One of the most common methods of immigration to the United States is by marriage to a citizen or permanent resident. One of the directives of the U.S. Customs and Immigration Services (USCIS) is to support the integrity and cohesiveness of American families who have foreign-born relatives; to this effect, immigrants who are permanent residents by virtue of their green cards can serve as sponsors for their husbands or wives foe the purpose of becoming legally documented in the U.S.
Who Can Apply
The process for immigrants who are married to permanent residents of the U.S. takes longer than for spouses of U.S. citizens. The latter does not have a waiting list while the former does; however, spouses of permanent residents fall under the “family second preference” category, which means that their waiting place is not so far down the list. The USCIS and Homeland Security have quotas in place for the number of relatives that can gain immigrant status through this process, and thus it may take months or years before applications are approved.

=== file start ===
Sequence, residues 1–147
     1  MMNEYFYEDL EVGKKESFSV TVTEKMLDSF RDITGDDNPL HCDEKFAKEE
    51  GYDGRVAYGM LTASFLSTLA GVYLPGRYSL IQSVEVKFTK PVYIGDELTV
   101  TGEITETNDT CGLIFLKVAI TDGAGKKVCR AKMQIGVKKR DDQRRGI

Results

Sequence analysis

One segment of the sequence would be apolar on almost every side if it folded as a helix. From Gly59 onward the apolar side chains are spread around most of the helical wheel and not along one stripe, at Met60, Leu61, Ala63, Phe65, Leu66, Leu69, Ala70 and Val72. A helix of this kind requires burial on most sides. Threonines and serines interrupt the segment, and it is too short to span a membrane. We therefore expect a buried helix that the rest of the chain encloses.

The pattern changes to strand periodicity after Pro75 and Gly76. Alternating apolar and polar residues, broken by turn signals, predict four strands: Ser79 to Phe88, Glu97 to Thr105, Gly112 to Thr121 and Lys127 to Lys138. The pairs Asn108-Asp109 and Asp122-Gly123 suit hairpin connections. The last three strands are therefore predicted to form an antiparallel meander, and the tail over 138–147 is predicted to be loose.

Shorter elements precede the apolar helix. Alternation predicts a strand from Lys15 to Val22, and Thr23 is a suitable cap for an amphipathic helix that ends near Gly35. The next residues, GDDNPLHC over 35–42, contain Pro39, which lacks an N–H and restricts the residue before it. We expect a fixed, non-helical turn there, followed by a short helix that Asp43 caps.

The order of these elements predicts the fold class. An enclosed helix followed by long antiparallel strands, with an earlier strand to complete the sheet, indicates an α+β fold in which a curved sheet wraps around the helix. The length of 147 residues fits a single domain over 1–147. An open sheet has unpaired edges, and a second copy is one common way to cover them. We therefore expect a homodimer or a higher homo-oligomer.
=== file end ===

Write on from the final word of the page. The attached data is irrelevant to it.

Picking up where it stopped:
Spouses Who Are in the U.S.
When the husband or wife of a permanent resident is already in the U.S., the process consists of two steps:
1 – The petitioner and sponsor complete a Form I-130, Petition for Alien Relative, and wait for its approval and priority date. This approval will not take long; nonetheless, the next step places relatives on the waiting list.
2- Once Form I-130 has been approved, the next step is to file a Form I-485, Application to Register Permanent Residence or Adjust Status, along with forms G-325A Biographic Information, I-864 Affidavit of Support, and I-693 Medical Examination Results.
Spouses Who Are Outside the U.S.
The process for husbands and wives who are not in the U.S. at the time they file their petition is similar to the above; however, they must wait for a visa number and an interview with consulate staff. In many countries, the petitioners will be notified to report to the U.S. Embassy or the consulate office to pick up their visa documents, which are in a sealed envelope that should only be opened by USCIS officers upon arrival.
Getting a green card in the mail is the final step for both processes above. This will happen a lot faster when the married couple is already in the U.S.